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Tuesday, October 21, 2014 | Last updated: 6:38pm

Get out of your mind with Thee Oh Sees' 'Putrifiers II'



As are most great albums, Thee Oh Sees’ newest release, Putrifiers II, is about mental instability.

It’s a theme so well-worn by rock and roll, particularly the kind of oft-terrifying, psychedelic rock of the ‘60s from which the album takes its cues. It’s tempting to dismiss the kind of psychosis and darkness explored in these songs as hammy or unnecessarily derivative of admittedly superior music by people like The Velvet Underground or Syd Barrett.

However, even if you were to cite all of the clear musical references Thee Oh Sees make on this record (and there are a lot of them), at a certain point you still couldn’t argue with the sheer songwriting craft that makes songs like “Hang a Picture” or “Will We Be Scared?” so great.

“Wax Face,” the record’s first track, begins with the nearly out-of-tune baroque noodling of two electric guitars, calling to mind the simplistic beauty of the beginning to “Wouldn’t It Be Nice” by the Beach Boys, and then totally obliterating all of it with a heavy wave of distorted guitars and bass.

The song rides along on a disorienting and heavy drum performance that wavers constantly between the anarchy of the first records of The Stooges and the sound of the devil knocking on your door. Between its guitar tones and screeching falsetto vocals alone, “Wax Face” conjures up feelings of dread that carry all through the record, a feeling that Thee Oh Sees songwriter John Dwyer never quite lets you forget the danger lurking just outside your window.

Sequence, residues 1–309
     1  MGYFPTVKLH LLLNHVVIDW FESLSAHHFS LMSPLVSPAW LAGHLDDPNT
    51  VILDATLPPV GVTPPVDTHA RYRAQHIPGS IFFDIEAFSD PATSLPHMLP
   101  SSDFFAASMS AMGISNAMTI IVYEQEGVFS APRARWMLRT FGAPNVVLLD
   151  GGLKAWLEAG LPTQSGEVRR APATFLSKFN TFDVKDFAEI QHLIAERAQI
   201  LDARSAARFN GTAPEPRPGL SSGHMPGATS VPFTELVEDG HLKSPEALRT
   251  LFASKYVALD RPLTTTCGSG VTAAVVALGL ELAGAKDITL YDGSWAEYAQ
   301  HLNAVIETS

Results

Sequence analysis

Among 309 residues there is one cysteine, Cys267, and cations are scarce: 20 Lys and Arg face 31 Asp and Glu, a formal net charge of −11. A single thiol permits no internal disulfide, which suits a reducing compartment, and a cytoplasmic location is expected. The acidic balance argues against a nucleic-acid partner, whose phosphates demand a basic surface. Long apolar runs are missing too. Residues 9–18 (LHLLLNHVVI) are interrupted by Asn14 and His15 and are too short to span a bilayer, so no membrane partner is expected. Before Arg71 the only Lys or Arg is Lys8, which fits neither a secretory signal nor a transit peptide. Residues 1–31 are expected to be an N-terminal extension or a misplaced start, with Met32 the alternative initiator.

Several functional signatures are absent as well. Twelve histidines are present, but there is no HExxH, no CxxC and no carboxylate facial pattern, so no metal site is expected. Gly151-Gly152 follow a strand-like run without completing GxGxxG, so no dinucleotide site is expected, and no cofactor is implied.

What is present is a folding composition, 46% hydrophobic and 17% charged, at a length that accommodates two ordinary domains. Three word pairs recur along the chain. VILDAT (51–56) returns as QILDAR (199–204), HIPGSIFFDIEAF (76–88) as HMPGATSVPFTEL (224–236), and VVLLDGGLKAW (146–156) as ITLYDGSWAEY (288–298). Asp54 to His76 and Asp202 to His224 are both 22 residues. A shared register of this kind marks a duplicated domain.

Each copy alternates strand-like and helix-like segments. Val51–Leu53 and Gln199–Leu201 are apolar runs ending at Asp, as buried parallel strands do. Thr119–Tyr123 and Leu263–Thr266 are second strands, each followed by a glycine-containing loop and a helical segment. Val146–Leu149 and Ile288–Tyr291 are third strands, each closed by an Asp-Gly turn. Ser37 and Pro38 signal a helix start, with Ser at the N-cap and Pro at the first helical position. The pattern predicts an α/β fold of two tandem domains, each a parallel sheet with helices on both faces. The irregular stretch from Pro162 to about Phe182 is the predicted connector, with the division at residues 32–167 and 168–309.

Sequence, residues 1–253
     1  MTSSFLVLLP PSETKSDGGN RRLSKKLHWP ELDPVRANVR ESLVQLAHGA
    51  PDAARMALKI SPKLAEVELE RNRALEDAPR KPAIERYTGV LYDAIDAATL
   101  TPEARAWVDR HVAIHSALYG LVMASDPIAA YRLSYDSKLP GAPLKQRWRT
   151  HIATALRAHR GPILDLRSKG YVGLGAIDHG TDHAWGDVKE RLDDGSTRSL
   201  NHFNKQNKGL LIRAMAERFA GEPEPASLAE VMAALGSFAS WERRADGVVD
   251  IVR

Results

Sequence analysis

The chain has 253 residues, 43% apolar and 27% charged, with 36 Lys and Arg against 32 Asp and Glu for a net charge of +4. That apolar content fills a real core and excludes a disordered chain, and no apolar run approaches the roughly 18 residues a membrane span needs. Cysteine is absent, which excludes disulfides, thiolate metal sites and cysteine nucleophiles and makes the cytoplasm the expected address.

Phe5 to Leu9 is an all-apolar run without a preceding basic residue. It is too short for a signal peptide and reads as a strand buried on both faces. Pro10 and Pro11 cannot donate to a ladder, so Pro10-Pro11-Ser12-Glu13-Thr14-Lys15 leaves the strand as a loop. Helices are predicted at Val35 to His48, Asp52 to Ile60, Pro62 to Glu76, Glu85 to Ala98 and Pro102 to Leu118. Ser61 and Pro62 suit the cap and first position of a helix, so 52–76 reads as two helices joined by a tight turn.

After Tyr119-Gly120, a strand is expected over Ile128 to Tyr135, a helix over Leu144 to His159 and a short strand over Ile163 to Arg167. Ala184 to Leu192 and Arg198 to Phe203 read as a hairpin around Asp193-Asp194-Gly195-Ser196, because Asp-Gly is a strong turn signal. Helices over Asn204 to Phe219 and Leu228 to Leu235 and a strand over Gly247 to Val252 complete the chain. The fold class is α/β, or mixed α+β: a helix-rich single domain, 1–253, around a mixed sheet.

Compare that with the similarly distorted but drastically more lighthearted “Hang a Picture,” whose refrain of “Hang a picture on the wall / It’s a reflection of us all” acts almost as a kind of wishful thinking against the psychological disaster “Wax Face” introduces. “Hang a Picture,” and its sister song, the viola-adorned “So Nice,” introduces the album’s other key theme of shielding oneself against the damaging nature of the world by denying and blocking it out. As Dwyer puts it in “Picture”: “Sing a sweet melody / It’s just the world that you can see.”

A turning point comes in the album with the key track “Cloud #1,” a two-minute recording of organ and keyboard feedback that is nothing short of sublime. “Cloud #1,” as well as its unofficial sequel on the album entitled “Putrifiers II,” travels from a blissful one-note raga to a dissonant minor chord that squeals and shrieks until it somehow resolves back into its major chord, having become a shrill shell of its former harmonious self.

This gives good indication as to the trajectory of the album, with brooding but overall pleasant tracks like “Flood’s New Light” and “Will We Be Scared?” balancing delicately above the abyss before plunging back into the existential fear and loathing found in something like the introduction to “Lupine Dominus.”

Of course the album’s songwriting is strong, even when it’s not tackling such heavy subject matter. The Byrds-esque “Goodnight Baby” is a clear highlight just due to its masterful 12-string guitar work. However, Putrifiers II is at its best when it’s doing some heavy lifting, and as an album that explores the psychedelic and distorted darkness of the human mind, this one ranks up there with the greats.


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